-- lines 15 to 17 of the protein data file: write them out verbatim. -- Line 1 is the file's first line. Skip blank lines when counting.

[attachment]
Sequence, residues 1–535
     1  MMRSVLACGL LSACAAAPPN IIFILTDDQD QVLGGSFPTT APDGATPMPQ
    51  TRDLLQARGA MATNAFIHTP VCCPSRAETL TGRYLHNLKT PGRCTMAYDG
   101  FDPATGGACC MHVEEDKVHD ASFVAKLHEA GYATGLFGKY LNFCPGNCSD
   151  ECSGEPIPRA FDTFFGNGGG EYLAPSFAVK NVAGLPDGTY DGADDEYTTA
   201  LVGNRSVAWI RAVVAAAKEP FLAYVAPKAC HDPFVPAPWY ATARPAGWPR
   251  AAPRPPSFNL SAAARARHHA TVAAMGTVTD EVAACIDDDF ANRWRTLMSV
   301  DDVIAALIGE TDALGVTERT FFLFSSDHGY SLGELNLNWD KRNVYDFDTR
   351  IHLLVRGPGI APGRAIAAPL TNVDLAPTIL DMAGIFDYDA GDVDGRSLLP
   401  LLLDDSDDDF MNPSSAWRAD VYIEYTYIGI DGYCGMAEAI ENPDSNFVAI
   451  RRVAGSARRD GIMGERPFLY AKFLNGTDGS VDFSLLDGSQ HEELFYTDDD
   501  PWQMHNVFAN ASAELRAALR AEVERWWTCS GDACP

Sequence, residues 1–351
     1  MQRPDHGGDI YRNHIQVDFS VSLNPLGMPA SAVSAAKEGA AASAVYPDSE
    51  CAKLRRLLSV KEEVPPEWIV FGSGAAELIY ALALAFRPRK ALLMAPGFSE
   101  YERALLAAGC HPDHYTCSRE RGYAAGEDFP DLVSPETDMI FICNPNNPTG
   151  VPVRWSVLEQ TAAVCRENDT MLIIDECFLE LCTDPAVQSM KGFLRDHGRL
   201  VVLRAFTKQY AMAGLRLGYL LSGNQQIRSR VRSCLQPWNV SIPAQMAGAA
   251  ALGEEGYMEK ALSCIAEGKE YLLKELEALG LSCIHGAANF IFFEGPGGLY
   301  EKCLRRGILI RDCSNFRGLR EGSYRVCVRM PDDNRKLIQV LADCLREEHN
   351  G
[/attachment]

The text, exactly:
    51  CAKLRRLLSV KEEVPPEWIV FGSGAAELIY ALALAFRPRK ALLMAPGFSE
   101  YERALLAAGC HPDHYTCSRE RGYAAGEDFP DLVSPETDMI FICNPNNPTG
   151  VPVRWSVLEQ TAAVCRENDT MLIIDECFLE LCTDPAVQSM KGFLRDHGRL